We've all been forced to slow down and change gears in our lives since the global quarantine, and this has highlighted many ways in which we have been living our lives on automatic pilot, on the go, often not aware of why we make certain choices in our lives. Previously, choices were often made for expediency's sake. If it saved time and money then that was enough. But now we may be evaluating many of our previous choices, since we've been forced to take time and take stock of what is important.
This may mean our priorities are changing, and quality is taking precedence over quantity. We may realize that quality of time spent is actually more important than the quantity of time spent. Evaluating our priorities in a more conscious way means we have to be honest about why we made the previous choices and whether or not those choices were truly healthy and benefitted everyone involved. The same applies when it comes to living in a more sustainable way. It also shows that you care and are aware of how your choices impact the collective. Something we've all had to reflect upon in different ways during this time.
Some of the ways we can be more conscious are: Research More; Spend Wisely; Downsize & Simplify; Use Less & Save More.
Here are some tips for living a more conscious and sustainable life:
Research More: Taking the time to inform yourself whether it's regarding medical decisions or what kind of toothpaste to buy is important. Reading labels is key, but also looking into how companies are run, how they invest their money and treat their employees should also inform your decision on whether or not you should support them. Make more informed choices by educating yourself. There is always more to learn and understand. Seek out information from multiple sources.
Spend Wisely: Money is power. But not only in the sense of accruing a lot of it. Where you put your dollars is a sign of what you think is important. Your dollars can be your voice regarding whether you support certain business practices. During this time, the only businesses that have been able to stay open are large chains and corporations. Small businesses have suffered the most. So going forward, do you want to keep giving the big guy your hard earned dollars? Or do you want to support small businesses that can supply quality over quantity? Do you want to walk down the street and see small independent businesses flourish? If so, then think twice about where you spend your money. You may save a few dollars, but those extra dollars spent may have more meaning in the long term. A 'paying it forward mentality' can be applied when choosing what businesses to support, and you may find you are rewarded for it down the road.
Downsize & Simplify: More time on your hands and more time spent at home usually results in the realization that you have too much 'stuff' and you've over-complicated things in your life. That can result in a double whammy of overwhelm. Putting time aside periodically to clear out the clutter and donate or sell that which is not truly necessary or useful can be cathartic and freeing. Simplifying can be as easy as having a less is more attitude about most things. That can mean cramming less obligations into your day or buying only two pairs of pants for the new season. Again it's about quality over quantity.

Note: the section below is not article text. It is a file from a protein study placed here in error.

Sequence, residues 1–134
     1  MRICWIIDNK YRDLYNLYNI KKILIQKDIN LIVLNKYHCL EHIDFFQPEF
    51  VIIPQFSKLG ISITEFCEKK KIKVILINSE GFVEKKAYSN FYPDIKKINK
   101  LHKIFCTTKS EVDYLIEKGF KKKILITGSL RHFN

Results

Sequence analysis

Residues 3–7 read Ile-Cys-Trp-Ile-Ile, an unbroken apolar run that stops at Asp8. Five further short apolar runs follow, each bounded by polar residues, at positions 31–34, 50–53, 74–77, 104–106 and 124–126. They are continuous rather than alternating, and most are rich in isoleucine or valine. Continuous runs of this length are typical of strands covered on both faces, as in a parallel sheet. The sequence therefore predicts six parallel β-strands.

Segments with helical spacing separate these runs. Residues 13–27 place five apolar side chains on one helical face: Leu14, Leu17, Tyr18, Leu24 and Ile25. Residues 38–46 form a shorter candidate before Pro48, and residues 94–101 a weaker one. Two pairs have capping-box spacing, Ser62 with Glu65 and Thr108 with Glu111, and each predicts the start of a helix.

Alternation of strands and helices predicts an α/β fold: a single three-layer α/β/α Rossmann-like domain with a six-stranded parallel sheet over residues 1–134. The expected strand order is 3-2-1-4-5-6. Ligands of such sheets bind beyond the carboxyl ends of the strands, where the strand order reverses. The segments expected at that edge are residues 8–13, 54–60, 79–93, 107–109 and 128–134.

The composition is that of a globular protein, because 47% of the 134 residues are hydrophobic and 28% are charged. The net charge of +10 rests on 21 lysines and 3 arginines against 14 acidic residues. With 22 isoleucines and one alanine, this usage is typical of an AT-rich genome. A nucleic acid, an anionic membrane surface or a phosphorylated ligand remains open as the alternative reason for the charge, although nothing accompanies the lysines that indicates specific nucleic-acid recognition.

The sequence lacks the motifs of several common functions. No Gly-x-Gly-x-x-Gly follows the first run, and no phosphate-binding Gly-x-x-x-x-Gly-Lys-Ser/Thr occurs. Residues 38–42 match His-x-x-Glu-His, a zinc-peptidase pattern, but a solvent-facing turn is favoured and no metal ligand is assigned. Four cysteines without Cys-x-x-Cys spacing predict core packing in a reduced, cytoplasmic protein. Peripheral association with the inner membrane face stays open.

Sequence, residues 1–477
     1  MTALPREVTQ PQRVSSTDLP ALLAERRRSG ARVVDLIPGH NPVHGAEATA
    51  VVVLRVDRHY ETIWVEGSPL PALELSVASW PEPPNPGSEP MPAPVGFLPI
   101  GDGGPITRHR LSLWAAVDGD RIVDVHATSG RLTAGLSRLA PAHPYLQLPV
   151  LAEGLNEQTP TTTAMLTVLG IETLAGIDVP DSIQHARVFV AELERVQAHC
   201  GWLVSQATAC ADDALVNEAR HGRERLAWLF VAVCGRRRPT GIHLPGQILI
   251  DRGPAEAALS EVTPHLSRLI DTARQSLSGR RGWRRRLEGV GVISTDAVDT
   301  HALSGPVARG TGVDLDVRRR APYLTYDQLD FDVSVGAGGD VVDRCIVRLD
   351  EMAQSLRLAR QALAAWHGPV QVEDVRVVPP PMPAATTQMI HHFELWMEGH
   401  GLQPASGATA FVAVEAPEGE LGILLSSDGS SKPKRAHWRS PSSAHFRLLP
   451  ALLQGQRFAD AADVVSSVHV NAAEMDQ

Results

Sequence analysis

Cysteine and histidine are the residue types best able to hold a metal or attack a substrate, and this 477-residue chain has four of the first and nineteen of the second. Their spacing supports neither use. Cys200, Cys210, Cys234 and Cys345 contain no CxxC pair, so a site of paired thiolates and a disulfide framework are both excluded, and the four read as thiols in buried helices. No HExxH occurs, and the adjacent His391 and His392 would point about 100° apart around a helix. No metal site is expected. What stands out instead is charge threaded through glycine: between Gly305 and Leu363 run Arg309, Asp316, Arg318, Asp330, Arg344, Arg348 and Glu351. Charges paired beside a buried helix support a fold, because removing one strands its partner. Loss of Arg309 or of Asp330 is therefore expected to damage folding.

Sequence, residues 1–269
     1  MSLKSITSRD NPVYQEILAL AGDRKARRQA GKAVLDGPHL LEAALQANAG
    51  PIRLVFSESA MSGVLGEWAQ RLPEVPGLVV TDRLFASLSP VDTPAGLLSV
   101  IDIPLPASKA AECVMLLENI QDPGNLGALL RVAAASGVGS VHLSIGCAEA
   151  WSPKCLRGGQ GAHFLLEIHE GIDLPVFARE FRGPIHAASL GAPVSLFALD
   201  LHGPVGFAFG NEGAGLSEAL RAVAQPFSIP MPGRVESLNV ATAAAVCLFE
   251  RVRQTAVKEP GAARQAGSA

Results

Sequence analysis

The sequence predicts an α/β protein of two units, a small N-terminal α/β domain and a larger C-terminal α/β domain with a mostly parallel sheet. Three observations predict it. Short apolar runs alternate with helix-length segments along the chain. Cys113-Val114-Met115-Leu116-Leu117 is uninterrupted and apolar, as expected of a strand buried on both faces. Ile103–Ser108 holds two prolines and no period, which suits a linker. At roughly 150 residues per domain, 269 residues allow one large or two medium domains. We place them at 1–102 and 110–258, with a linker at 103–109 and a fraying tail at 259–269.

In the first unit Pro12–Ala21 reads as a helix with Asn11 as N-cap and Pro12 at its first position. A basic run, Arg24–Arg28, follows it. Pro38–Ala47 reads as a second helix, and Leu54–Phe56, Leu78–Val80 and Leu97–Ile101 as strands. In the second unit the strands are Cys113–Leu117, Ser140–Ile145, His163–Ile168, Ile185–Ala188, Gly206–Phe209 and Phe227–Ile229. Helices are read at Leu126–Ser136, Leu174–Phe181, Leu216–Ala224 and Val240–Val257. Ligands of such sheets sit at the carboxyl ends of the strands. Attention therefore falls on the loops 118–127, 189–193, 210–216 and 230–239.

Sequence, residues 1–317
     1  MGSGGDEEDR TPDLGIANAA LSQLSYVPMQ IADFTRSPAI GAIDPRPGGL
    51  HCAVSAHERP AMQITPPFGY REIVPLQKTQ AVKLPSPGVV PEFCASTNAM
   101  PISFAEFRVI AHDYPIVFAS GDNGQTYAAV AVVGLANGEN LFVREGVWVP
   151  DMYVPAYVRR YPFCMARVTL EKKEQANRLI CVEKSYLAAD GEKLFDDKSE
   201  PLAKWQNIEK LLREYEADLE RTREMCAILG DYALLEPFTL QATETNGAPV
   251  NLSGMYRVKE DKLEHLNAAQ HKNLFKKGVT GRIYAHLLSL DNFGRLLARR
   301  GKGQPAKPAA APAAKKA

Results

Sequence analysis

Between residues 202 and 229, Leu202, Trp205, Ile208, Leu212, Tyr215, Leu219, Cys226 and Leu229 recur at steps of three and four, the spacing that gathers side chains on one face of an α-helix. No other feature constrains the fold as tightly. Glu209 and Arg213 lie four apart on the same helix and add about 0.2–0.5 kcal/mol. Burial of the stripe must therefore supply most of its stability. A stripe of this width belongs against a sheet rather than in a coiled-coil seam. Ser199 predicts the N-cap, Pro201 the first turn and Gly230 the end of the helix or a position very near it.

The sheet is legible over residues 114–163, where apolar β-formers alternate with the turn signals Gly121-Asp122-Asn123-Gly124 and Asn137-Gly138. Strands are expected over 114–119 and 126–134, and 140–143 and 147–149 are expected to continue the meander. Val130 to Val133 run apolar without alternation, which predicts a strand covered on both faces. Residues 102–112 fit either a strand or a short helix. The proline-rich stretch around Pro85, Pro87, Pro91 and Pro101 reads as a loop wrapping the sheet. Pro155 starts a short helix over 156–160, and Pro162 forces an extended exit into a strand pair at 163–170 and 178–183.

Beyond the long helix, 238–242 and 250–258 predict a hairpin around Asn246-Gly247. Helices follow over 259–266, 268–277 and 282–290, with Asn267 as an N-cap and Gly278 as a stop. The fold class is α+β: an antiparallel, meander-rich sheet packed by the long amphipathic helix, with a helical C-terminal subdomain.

Use Less; Save More: This practice doesn't have to be a huge change but can be many small changes. Like using less paper products for instance. This can mean not printing out so many receipts or emails, or instead of buying paper towels, you use washable cloths. Bamboo products are lot more sustainable than tree paper products. Buying things that involve less packaging is another positive practice, that gives back to the environment and may save you money in the long term. For instance, investing in good re-usable containers that you then fill up with bulk items at the store, instead of pre-packaged items. There is a trend now of bulk shops opening up in which you can bring your own containers and buy everything from food items to cleaning products. It takes some effort but the reward is knowing you've chosen a better way.
Be More Creative: We'v all got some skill or craft that we are good at, it's just a matter of maximizing that. You don't need acres of land to grow food. There are many innovative ways to grow food indoors. If you love to cook, learn the ancient art of canning and pickling. If you are handy with tools, build a shelf instead of buying one from a chain store. The other beautiful thing is skills can be shared and exchanged. The barter system is making a comeback, and how good does it feel when you help someone else but also get a hand made item in return? Or you help your neighbor balance their books and they give you some food from their garden? It's ultimately about the EXCHANGE. Everything is an exchange of time, money or energy. Make it count, make it valuable, but most importantly make it feel good.